In our 2016 national overview of police legitimacy, we recommended that all forces should have started to implement a plan to achieve the capability and capacity required to seek intelligence on potential abuse of position for sexual gain. In 2017, we reviewed of the plans put in place by all forces to in response to this recommendation.
Areas for improvement
- Annually, the force should produce a local counter-corruption strategic assessment and control strategy, to identify risks to the force’s integrity.
- The force should review the capacity and capability of its counter-corruption unit (CCU) to ensure it can manage its work effectively.
To what extent does the force treat its workforce with fairness and respect?
Northamptonshire Police identifies areas that have greatest impact on the workforce’s perception of fairness in several ways. It runs surveys, it offers the opportunity for its workforce to ask the chief constable questions through an online forum and it conducts exit interviews for those officers or staff leaving the organisation.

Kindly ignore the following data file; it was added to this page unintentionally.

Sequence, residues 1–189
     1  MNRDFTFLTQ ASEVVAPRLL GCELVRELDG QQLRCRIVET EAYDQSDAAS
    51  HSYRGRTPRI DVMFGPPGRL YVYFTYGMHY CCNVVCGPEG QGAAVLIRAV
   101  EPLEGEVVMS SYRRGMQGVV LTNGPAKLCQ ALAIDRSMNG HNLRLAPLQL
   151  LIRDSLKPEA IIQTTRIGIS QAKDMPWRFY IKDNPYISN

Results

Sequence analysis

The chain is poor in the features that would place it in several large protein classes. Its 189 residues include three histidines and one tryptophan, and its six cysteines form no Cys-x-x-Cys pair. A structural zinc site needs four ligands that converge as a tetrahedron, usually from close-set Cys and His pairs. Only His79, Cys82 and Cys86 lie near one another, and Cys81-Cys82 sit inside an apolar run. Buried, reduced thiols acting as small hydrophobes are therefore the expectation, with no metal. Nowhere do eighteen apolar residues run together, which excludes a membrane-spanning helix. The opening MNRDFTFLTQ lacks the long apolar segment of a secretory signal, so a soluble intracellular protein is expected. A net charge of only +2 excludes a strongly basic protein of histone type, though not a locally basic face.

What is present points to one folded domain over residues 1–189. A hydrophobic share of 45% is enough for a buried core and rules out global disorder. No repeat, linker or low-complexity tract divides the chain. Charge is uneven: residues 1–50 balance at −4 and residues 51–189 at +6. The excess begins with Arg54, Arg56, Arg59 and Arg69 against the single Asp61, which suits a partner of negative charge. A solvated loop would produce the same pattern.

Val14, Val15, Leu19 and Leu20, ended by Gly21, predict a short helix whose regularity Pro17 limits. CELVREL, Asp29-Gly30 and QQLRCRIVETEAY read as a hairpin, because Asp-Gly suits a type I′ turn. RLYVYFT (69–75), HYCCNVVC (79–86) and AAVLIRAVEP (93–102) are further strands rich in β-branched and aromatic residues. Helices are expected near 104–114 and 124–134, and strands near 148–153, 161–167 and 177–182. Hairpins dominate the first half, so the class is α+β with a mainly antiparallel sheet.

The force has several ways of identifying the workforce’s wellbeing needs. For example, the health and safety executive board routinely examines the level of assaults on officers and the places where these assaults occur. The human resources team monitors both those people referred to counselling and the themes emerging from the overall use of the service. It also examines sick absence data and cross-references this against other potentially significant data such as the level of grievances.
Some staff and officers had experienced delays in accessing support services, and there were concerns regarding the quality of some of those services, such as counselling. The force is aware of these issues and it is taking action to address them at chief officer level. It is also taking steps to improve the individual performance assessment process in order that all members of the workforce receive better supervision.
Areas for improvement
- The force should improve its provision of preventative healthcare measures for its workforce.
- The force should improve how it manages individual performance.